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After nearly 20 years of serving on the James City County Board of Supervisors, John McGlennon is vying to continue his longtime service and help shape the county’s vision for its future as the Roberts representative.
“I think it’s quite important for somebody who has the ability to relate some of the rationale for the decisions that have been made in the past to be there, but it would only make sense if that person also has the ability to look forward and understand what our new challenges would be, and I do think I offer that,” McGlennon said.
McGlennon, 66, moved to Williamsburg in 1974 to complete a yearlong visiting professorship at William & Mary. The position became permanent, McGlennon said, and he is now a full professor and chairman of the college’s Department of Government.
He moved to the Rolling Woods neighborhood in 1987 and said the area’s historical background and environmental beauty have kept him in James City County. McGlennon said he first decided to run for the Board of Supervisors in 1997 because the Republican candidate, Jeff Cattell, wanted to cut back on “a lot of the things that made this such a special place.”
“I decided that I wanted to run in order to protect those services and policies, and I was successful in the election,” McGlennon said.
Before he ran for the Board of Supervisors, McGlennon made two unsuccessful bids for the 1st District seat in the U.S. House of Representatives, once in 1982 and again in 1984. He said both races were “fantastic opportunities, personally and professionally” but said there was less face-to-face interaction with individual constituents than he would experience as a supervisor.
“In retrospect I really do think that service on the local level is very satisfying compared to what the members of Congress must feel these days,” McGlennon said. “You actually do have a need to take action on items and you can see the impact of what you’ve done on a daily basis.”
He said his accomplishments range from keeping the quality of county services high and conserving land to convincing the Virginia Department of Transportation to make modest improvements to the intersection of Jamestown and Route 199, rather than completely redesign the traffic pattern.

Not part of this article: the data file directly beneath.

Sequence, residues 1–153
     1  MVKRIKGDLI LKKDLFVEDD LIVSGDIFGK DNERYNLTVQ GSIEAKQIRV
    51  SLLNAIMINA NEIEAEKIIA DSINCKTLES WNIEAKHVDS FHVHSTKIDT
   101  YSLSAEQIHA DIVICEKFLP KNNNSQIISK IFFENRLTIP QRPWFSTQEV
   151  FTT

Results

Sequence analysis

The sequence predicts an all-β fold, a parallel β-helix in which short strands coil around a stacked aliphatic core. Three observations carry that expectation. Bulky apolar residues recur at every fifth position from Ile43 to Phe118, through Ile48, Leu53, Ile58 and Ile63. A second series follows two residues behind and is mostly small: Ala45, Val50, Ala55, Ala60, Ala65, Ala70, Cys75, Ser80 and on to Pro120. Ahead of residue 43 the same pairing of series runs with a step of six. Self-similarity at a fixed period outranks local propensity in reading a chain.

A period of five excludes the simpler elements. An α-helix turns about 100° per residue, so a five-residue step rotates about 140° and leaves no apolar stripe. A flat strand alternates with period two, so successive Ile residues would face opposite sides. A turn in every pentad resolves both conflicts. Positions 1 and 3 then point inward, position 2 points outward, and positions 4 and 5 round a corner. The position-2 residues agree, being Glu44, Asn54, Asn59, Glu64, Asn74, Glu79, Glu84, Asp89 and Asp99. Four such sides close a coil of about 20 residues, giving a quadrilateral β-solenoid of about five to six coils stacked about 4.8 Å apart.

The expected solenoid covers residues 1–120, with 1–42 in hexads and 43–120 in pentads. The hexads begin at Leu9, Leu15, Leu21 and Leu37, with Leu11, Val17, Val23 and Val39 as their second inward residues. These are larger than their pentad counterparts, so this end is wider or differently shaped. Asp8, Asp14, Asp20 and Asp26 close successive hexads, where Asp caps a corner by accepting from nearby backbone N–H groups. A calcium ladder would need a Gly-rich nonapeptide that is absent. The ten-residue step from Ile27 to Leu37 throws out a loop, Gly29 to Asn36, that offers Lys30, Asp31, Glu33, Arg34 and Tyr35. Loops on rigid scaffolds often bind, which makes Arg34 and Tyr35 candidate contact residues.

This year McGlennon faces challenger Heather Cordasco, the current vice chairwoman of the Williamsburg-James City County School Board, in the general election. If re-elected, McGlennon said his goals include maintaining the quality of life and unique character of James City County, addressing stormwater issues and following a strategic fiscal policy, even if that means making decisions sooner than the board may prefer.
“I worry sometimes that we take too long looking for the perfect answer,” he said. “Sometimes you just have to make a determination. You can’t just sit back and deny there’s a problem.”
McGlennon called himself an “honest broker” on the Board of Supervisors who asks questions and keeps the record accurate, even if that means correcting a resident during public comment.
“Part of informing the public is about letting them know when a statement is true or not,” McGlennon said.
He said he has enjoyed developing relationships with the residents of Grove and Kingsmill, who he now represents after redistricting moved him from the Jamestown District to the Roberts District, but said he is gratified to know constituents who are no longer in his district miss his representation.
“Members of the board represent the entire county but have a special responsibility for their district,” McGlennon said. “I really do feel my role is partly advocating for those neighborhoods, making sure they have a voice and if they have problems or concerns there is someone they can turn to for help.”